Keyonna Adams is a Reads to Me intern at the Lew Williams Center for Early Learning and is also enrolled in the Gibbs High School Early Childhood Program. Here she is reading to Kyri Flowers.
By Holly Kestenis, Staff Writer
ST. PETERSBURG – With school about to start, the Lew Williams Center for Early Learning wants to get the word out to teens about an opportunity that not only pays but also educates others.
The center, located at 901 34th St. S, has eight classrooms designed to provide a high-quality early childhood education to children aged one to four. The Read to Me Program was established last November as an early literacy program set on preparing young children to enter kindergarten with the knowledge, vocabulary and comprehension skills necessary to help them succeed in school and become literate and successful adults.
The program provides structure and opportunity for children to be regularly read to by local high school students.
“We are one of a kind,” said Susan Weber, director of Professional Development at the Lew Williams Center. She was the first director at the early learning center when it opened in 2014, and has 27 years of experience in early childhood education.
Currently, 102 preschoolers flow in and out of its doors daily, all primed and ready to soak up knowledge. Hired students spend time working with the youngsters not only by reading aloud to them but also by incorporating science, technology, engineering, arts and mathematics (STEAM) projects into their regular routine. Singing and authentic play is also a big part of the Read to Me program.
“I spend a lot of time teaching them to get into that play,” Weber said.
She aims for teenagers to have good conversations back and forth with the preschoolers. The goal is to build up vocabulary, so they hear the recommended 30 million words before entering kindergarten.
“That’s a big part of being successful.”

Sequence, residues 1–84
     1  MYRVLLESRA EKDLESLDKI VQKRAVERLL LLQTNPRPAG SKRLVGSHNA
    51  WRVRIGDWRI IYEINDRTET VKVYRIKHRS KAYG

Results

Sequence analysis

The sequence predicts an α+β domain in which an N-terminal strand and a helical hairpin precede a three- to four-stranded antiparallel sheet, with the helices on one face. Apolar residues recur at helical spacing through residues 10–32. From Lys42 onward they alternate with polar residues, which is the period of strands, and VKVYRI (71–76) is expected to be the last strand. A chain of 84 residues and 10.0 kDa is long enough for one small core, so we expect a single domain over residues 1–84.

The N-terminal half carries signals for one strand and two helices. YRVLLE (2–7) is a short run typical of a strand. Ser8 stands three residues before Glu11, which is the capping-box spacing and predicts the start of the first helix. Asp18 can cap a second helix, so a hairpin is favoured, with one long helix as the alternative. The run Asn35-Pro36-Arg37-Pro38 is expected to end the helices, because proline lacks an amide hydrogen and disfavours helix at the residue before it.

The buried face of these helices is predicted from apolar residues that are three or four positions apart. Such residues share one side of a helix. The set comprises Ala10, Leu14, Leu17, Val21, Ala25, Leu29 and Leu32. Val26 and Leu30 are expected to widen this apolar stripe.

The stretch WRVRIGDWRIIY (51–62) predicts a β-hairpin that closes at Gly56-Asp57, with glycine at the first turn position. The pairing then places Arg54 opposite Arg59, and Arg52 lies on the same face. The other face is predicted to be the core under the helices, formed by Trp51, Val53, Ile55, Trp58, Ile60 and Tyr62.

Lew Williams Center for Early Learning looks for roughly 10 students each year to work at the center. They earn $10 an hour and during the school year can work up to 15 hours a week. In the summer that jumps to 20 hours.
Student hires are extensively trained, starting with 12 hours of required online instruction before being welcomed through the doors. R’Club, Tampa Bay’s leading provider of quality childcare, has additional training that deal with safety in the workplace and customer service.
Once hired, Florida has 40 more hours of training as part of the grant the childcare center is rewarded by the state. Most students can complete it in their downtime at the center during the children’s naptime.
Weber guides all the students in working with young children. She leads them daily in the proper protocol necessary to be successful in preparing the toddlers to leave the school ready for kindergarten, and at the same time, ensuring that high-quality education spreads into the local community.
“We want to make that very contagious,” she averred.
When they age out or are ready to leave the program, testers go out to the center and grade student hires on all the basic training they’ve acquired and is needed to start in a classroom as an assistant if they choose.
Although most paid positions go to St. Petersburg and Boca Ciega High School students, Gibbs High School’s early childhood students also participate in the program as unpaid interns.
Flyers are sent out to schools and the Boley Center to help get the word out, but most is through word of mouth.
“It seems like everybody knows some teenager that would do well,” Weber said about the parents at Lew Williams preschool who help spread the word. “So, it’s a good thing.”
Students must fill out an application, complete all required training and maintain a 2.5 GPA to stay employed. They learn how to work in diverse and challenging situations and have patience and compassion towards others. Collaborative meetings are held weekly, giving students the floor on voicing the happenings in the classroom so challenges can be addressed.
Research shows that the more language and vocabulary children are exposed to at an early age, the higher their academic success in school. The Read to Me program lays the foundation for successful early literacy and at the same time provides teenagers with important skills that promise to carry over into whatever profession they choose.
“If more teenagers were able to be with the kids and volunteer, I think they’d feel like they have a purpose,” said Weber, who was surprised at the connection between the two age groups. “It’s cool, and it really does help all the children.”
If you are or know of a student that would be the proper fit, contact the Lew Williams Center for Early Learning. An application is required from prospective hires, so be ready to write at least 250 words on why the literacy work program is for you.
For more information or if you’d like to schedule a tour or enroll your child, email Susan Weber at firstname.lastname@example.org or call 727-914-4935.